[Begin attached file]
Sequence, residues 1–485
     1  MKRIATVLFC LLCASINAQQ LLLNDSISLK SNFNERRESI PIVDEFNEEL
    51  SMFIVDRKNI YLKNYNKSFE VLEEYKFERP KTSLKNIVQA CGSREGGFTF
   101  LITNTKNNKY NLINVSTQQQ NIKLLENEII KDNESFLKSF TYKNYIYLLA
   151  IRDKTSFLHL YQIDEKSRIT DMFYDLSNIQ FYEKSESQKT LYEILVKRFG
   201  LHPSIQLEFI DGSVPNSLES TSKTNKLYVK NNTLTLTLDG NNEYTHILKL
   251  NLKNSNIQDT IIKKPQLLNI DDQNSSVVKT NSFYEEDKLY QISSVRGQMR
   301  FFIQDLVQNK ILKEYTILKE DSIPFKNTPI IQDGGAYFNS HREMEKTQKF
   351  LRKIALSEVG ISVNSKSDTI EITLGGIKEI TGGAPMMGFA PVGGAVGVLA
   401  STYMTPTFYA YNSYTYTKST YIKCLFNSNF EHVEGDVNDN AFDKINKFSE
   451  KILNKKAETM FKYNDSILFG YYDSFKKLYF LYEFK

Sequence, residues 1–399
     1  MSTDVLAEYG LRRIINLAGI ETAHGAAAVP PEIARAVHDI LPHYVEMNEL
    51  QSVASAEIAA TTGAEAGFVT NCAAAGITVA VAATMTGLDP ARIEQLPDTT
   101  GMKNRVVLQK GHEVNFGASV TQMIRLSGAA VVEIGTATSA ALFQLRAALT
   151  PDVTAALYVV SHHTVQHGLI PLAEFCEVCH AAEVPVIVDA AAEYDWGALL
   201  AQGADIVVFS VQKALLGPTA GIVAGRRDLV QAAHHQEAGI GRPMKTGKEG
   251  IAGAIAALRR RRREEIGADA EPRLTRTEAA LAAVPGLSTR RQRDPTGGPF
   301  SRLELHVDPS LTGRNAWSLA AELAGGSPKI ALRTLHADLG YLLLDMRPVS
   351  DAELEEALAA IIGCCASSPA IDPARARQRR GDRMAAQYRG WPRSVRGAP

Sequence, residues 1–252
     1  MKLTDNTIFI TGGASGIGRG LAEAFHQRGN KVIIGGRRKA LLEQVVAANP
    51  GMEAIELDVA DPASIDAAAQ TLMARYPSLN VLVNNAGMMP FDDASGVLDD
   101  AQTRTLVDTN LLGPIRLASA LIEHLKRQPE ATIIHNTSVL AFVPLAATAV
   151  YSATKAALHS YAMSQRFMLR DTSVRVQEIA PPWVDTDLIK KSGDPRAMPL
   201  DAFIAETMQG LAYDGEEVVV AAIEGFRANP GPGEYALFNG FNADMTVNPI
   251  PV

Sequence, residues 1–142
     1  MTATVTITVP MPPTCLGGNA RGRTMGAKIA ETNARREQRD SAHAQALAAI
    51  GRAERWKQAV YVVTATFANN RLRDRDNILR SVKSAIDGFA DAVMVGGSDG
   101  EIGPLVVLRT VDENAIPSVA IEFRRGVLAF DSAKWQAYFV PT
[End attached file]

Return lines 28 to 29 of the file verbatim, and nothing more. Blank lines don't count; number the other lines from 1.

Sequence, residues 1–142
     1  MTATVTITVP MPPTCLGGNA RGRTMGAKIA ETNARREQRD SAHAQALAAI